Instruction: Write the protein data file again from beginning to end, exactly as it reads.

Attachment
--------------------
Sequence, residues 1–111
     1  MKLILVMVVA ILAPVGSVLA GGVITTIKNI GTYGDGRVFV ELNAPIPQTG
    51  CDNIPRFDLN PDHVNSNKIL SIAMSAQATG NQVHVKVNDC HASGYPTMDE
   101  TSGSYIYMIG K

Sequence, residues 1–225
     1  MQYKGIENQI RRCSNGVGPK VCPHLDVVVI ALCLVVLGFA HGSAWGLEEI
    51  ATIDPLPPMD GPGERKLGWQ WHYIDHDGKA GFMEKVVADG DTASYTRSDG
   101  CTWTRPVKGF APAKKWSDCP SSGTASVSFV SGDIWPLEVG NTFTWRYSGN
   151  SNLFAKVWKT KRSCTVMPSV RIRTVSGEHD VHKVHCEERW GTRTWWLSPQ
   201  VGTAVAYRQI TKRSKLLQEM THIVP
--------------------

Sequence, residues 1–111
     1  MKLILVMVVA ILAPVGSVLA GGVITTIKNI GTYGDGRVFV ELNAPIPQTG
    51  CDNIPRFDLN PDHVNSNKIL SIAMSAQATG NQVHVKVNDC HASGYPTMDE
   101  TSGSYIYMIG K

Sequence, residues 1–225
     1  MQYKGIENQI RRCSNGVGPK VCPHLDVVVI ALCLVVLGFA HGSAWGLEEI
    51  ATIDPLPPMD GPGERKLGWQ WHYIDHDGKA GFMEKVVADG DTASYTRSDG
   101  CTWTRPVKGF APAKKWSDCP SSGTASVSFV SGDIWPLEVG NTFTWRYSGN
   151  SNLFAKVWKT KRSCTVMPSV RIRTVSGEHD VHKVHCEERW GTRTWWLSPQ
   201  VGTAVAYRQI TKRSKLLQEM THIVP